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Friday, 5 July, 2002, 16:14 GMT 17:14 UK
China internet firms 'self-censoring'
Chinese people using an online phone at a computer exhibition in Beijing
The internet is profoundly changing Chinese society
The Chinese authorities say increasing numbers of internet service providers (ISPs) are signing an agreement to control the material the public can view on the web.

The official Xinhua news agency has reported that growing numbers of providers have joined what is described as a "self-discipline" scheme.

China internet facts
Second biggest online population, after US
56 million people log on from home
Internet use growing by 6% a month
Access to some foreign websites is already blocked in China and last month the authorities announced plans to close down thousands of unlicensed internet cafes.

The government says the move was prompted by a fatal fire at a cafe in Beijing, but critics argue it is an excuse to impose further controls on the use of the net.

Under the "self-discipline" scheme, the ISPs promise to stop the spread of material on the internet thought harmful to social and political stability.

'Civilised' web use

According to Xinhua, the scheme is designed to "prevent cyber crime, the spread of harmful information and unhealthy competition".

It also bans ISPs from publishing material "harmful to national security and social stability" or "in violation of the law".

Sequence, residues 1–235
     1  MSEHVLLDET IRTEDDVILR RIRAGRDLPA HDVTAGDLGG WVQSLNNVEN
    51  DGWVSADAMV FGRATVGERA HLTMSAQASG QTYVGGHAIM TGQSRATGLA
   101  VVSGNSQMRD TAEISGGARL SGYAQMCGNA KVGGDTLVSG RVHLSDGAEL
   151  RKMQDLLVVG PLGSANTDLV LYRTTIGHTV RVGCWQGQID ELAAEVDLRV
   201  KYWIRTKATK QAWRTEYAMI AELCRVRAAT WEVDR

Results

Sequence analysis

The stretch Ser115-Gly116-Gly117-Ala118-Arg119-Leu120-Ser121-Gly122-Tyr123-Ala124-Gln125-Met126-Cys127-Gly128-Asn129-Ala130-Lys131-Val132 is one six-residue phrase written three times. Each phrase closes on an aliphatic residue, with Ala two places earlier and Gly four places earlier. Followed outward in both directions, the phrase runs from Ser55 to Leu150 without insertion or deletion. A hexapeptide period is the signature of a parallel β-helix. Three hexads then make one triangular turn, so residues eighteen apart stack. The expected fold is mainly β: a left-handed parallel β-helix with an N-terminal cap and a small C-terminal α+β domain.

The ISPs are also required to promote the "civilised" use of the web and the avoidance of breaches of intellectual property rights.

Correspondents say the Chinese Government has long had an ambiguous attitude towards the rapid growth of internet use.

Beijing is aware that a technologically advanced population is good economically, but it is very nervous about allowing its population access to un-mediated information and news.

The Chinese are now the second biggest internet users in the world, after the United States.

Last year more than 56 million of them logged on from home, and that number is growing by 6% a month.

BBC Beijing correspondent Rupert Wingfield-Hayes says the internet is changing Chinese society profoundly, breaking down the stranglehold on information held by the communist rulers.

See also:

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